BLI: Profiling Emerging Markets sustainability

BLI: Profiling Emerging Markets sustainability

Emerging Markets
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By Maxime Smekens, EM Research Analyst, Banque de Luxembourg Investments

While the topic of sustainable investment is largely addressed at the level of equity management, it is much less so when it comes to investing in bonds. And yet, the sustainability analysis of government bonds, and therefore of countries, is a subject that deserves our attention, particularly in view of the challenges that arise. BLI has developed a proprietary approach aimed at assessing the sustainability character of emerging government issuers but also at identifying the dynamics (positive and negative) in place.

At present financial markets are expressing the sustainability of an entity at three different levels: Environment (E), Social (S) and Governance (G).

Therefore, when looking at the degree of sustainability of a company or country it will often be translated as an ESG score.

As there are currently no market-defined standards for assessing the E / S and G, an institution’s sustainable score/rating from two independent researchers or asset managers are not comprehensively comparable.

Context

From petroleum firms that develop more desirable oil refining processes to businesses that base the hiring of employees on qualifications rather than on gender, the concept of a transition to a 'sharpened’ world has spread among most sectors. Each sector must approach this transition with a different angle respective to their challenges.

The richness of asset management comes in part from the various and often different opinions, perspectives and backgrounds of people active in the industry, meaning that investing in a sustainable way is self-evident for some and irrelevant for others.

While numerous methodologies exist for assessing sustainability, each one is tailored to an interpretation of the subject and in-line with the specificities of an asset class.

The attractiveness of the equity market over the past ten years - combined with a continuous interest for active sustainable portfolio management, pushed the asset class to the forefront of sustainability assessment in the sector.

More recently, asset managers developed sustainable approaches to government bond investing.

In order to fully respond to what a sustainable active investment strategy demands, the above-mentioned government approach needs to be robust, dynamic and comprehensive.

Indeed, a solid data-based framework is needed to lay the foundation. Practitioners often use the latter to determine how sustainable an economy is. In our view, a further continuous and interpretable analysis is needed. The interpretability should bring the effort and commitment of transparency, while the dynamism should capture the momentum of information.

Introduction

The following article focuses on emerging market economies. Since five to ten years, low (or negative) interest rates in developed market gave a thrust to emerging markets sovereign bonds in the asset allocation of fixed income strategy.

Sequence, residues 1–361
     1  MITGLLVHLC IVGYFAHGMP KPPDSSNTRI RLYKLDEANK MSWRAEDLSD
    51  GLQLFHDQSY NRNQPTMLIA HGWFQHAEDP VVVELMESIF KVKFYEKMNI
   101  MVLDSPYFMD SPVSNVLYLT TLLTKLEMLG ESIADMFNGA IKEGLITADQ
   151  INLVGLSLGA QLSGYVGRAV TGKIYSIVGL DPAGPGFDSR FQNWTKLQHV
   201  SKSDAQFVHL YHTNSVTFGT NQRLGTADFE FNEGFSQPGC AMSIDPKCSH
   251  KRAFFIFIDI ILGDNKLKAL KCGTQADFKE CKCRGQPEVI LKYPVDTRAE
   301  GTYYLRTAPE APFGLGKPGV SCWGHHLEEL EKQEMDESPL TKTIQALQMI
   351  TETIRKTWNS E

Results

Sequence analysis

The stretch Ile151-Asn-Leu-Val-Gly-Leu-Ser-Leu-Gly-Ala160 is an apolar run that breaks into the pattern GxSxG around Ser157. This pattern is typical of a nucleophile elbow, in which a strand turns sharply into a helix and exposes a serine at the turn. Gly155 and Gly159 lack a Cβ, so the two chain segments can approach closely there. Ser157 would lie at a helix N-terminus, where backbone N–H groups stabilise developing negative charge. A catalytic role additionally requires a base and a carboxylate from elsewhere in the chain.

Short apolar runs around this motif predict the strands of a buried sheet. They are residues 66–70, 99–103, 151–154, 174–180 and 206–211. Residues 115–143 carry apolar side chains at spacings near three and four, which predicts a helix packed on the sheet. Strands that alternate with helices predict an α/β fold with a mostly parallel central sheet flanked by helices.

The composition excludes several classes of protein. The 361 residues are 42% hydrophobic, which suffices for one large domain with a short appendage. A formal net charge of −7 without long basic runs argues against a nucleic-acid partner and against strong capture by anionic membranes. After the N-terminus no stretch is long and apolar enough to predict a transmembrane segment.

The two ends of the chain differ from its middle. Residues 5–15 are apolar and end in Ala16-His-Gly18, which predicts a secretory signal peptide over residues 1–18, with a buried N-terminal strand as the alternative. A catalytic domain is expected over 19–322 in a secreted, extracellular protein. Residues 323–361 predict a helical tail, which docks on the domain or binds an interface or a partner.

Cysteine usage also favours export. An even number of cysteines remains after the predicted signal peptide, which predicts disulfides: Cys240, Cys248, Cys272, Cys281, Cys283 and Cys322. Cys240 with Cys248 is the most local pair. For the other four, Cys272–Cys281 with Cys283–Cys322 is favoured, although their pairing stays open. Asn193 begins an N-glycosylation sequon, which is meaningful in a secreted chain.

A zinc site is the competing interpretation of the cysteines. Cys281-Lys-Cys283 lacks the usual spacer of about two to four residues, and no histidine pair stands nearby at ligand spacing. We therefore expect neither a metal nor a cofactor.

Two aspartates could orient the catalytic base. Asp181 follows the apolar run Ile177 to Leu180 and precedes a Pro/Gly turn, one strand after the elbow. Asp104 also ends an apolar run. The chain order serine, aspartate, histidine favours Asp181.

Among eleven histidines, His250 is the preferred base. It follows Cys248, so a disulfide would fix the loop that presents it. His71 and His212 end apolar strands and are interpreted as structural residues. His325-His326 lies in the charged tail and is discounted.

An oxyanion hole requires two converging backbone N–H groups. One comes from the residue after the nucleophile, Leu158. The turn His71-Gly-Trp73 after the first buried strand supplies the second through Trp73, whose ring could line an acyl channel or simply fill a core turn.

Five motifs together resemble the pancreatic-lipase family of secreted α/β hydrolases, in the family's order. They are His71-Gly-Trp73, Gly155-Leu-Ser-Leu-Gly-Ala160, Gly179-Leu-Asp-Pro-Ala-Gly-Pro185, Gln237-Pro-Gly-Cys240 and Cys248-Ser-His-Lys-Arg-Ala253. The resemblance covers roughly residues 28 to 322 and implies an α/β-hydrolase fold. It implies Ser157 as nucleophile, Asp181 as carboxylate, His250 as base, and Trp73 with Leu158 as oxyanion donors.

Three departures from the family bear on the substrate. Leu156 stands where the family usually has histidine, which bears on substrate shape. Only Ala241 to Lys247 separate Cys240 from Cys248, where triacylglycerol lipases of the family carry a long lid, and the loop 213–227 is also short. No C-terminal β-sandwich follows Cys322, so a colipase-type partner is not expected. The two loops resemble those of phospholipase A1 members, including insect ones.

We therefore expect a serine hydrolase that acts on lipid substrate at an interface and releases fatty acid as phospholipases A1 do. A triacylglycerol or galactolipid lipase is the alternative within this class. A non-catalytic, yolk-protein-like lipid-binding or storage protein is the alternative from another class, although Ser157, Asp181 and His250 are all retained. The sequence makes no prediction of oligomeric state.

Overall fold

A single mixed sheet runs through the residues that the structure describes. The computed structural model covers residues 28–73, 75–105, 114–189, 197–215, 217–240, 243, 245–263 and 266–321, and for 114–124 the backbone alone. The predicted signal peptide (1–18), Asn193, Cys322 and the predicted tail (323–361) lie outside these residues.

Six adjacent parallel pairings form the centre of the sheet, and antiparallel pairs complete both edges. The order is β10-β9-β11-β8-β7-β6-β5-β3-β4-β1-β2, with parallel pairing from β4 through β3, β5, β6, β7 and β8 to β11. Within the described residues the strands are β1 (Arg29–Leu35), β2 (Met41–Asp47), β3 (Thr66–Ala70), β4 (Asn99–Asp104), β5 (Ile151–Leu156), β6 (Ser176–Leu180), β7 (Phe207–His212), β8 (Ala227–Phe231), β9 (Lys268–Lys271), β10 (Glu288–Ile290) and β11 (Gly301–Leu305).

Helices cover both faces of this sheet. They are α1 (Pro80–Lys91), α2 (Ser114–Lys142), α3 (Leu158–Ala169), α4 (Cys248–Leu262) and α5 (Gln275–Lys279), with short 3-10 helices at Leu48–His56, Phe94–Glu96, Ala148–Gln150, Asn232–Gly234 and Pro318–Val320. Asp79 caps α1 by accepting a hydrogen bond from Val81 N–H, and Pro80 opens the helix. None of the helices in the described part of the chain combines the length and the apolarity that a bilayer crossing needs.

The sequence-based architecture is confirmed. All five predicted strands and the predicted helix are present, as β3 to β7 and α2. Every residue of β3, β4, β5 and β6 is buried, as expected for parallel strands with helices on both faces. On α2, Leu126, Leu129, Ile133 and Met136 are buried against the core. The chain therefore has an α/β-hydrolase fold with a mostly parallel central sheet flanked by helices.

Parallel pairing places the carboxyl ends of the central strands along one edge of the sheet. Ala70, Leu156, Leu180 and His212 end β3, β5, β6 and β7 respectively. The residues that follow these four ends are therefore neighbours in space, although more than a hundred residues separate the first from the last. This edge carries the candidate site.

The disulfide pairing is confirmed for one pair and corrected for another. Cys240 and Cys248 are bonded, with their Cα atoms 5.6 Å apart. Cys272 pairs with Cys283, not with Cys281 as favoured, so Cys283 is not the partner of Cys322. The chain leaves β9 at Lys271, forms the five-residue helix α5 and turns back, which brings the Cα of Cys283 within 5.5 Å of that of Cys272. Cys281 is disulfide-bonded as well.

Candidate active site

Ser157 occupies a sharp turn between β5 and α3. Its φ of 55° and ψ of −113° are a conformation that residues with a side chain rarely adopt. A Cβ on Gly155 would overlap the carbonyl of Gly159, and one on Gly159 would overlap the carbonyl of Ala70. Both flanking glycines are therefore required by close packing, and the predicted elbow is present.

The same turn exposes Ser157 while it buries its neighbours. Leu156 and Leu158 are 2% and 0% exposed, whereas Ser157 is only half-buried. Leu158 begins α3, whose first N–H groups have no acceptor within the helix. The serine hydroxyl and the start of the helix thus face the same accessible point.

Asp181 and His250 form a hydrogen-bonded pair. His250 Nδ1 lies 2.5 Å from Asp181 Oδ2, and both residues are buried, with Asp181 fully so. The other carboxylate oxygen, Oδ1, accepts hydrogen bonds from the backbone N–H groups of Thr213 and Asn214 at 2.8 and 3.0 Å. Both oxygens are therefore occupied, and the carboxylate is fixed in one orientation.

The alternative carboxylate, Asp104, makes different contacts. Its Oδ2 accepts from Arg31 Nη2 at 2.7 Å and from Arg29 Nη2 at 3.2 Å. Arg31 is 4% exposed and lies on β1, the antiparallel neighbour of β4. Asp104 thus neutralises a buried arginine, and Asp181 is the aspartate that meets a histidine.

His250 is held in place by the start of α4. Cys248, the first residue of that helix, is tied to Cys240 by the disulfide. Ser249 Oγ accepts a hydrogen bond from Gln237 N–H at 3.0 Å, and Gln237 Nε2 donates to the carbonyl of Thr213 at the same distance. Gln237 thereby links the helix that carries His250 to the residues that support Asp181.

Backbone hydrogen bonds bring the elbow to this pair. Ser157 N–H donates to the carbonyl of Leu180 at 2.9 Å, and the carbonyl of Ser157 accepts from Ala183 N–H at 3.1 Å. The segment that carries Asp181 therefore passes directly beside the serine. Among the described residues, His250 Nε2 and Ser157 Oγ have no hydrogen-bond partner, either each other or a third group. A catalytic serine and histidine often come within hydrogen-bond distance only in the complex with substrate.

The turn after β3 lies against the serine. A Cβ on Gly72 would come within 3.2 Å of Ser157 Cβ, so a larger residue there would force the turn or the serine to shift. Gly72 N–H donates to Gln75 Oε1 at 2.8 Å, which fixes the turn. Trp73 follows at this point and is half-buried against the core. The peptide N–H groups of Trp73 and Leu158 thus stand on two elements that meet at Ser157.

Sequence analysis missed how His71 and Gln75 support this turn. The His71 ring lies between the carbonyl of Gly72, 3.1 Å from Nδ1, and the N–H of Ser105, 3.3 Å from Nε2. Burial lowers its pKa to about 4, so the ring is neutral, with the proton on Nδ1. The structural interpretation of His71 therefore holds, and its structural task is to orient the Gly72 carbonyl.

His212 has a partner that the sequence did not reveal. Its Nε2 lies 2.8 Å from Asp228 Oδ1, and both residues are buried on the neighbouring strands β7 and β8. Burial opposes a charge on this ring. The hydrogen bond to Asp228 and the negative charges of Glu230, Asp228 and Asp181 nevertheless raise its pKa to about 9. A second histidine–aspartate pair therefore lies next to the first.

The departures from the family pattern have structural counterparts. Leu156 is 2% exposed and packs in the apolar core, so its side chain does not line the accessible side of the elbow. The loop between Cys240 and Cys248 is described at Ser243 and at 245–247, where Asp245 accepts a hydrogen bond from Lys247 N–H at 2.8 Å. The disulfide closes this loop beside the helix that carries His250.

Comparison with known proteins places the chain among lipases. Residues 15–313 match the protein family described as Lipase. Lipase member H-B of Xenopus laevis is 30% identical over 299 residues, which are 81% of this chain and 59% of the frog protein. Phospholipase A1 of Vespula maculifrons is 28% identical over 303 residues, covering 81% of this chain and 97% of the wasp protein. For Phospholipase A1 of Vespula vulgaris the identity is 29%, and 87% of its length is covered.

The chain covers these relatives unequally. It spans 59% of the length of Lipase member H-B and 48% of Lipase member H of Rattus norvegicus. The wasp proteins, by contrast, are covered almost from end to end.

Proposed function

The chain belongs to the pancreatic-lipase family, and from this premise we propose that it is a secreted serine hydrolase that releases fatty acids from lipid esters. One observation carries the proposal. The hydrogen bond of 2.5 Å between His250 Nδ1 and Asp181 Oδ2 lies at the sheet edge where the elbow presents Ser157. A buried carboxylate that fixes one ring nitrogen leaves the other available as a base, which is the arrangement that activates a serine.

We will now propose a methodology to assess and interpret the continuous evolution of emerging market countries’ sustainability profiles.

In order to do so, we will briefly explain the global environment in which the analysis takes place, we will then address the methodology itself. It is composed of two distinct but complementary approaches that each respond to the solid foundation and dynamism aforementioned.

Finally, we will examine how, as active investors, we can leverage on this analysis work by putting in perspective our country allocation and confront it with the UN Sustainable Development Goals (SDGs).

The frame of analysis

The global objective of any ESG assessment is to measure the emerging humanitarian and natural risks which regulations, populations and investors consider.

Perceiving the motivation behind young entrepreneurs and taking into account those mass movements aiming to mitigate (at least) climate change and to generate more equality (around the globe) we can  see  that in 2020, shaping an economy with a sustainable bias can bring opportunity, investments into a country and, perhaps, in the long term, a healthier and more sustainable economy.

On the other hand, neglecting this growing awareness may bring future challenges to a country.

Among many examples, we can mention South Africa to illustrate the above.

When taking into account the World Energy Council trilemma index, the South-African energy sector isn’t well governed.

Government unresponsiveness on renewable energy projects has left the country with a major dependency on coal.

Ceteris paribus, if the South-African government had secured a minimum level of energy creation (through renewable energy), the current unstable financial position of the country would be less affected by Eskom[1] which needs significant financial support and experiences serious production issues.

  • With this in mind, we can say that understanding and comparing the current level of sustainability of a country is not an easy task. In fact, many constraints from various parts of the analysis do exist.
  • While there are important datasets focusing on country-level ESG matters, such data is globally lagged. Because the aggregation of indicators at the government level takes time and is time consuming, data can carry from 2 to 10-year lag and can have a frequency updated of 2 to 4 four years. The analysis on emerging countries accentuates this effect. This lag limits our capabilities to assess the relative sustainability dynamically.
  • Another constraint, independent from the availability of data itself, is to succeed in harmonising the sustainability measures across different asset classes and across asset managers without losing the sense behind it.

Considering the above, BLI has developed a proprietary and well-structured approach that aims to tackle those challenges.

The two layer approach

The objective of an ESG sovereign score is to assess the sustainability of a government, its economy and the implemented reforms.

To do so, taking into account the above-mentioned context and challenges, it is crucial to define a robust framework that includes a fundamental ESG score relying on ESG quantitative data (1st layer) augmented by a momentum score relying on a dynamic analysis of qualitative information on each country (2nd layer).

The first layer:

The first layer represents the fundamental ESG score of a country. In other words, where the country places in terms of environmental, social and governance fields comparative to others.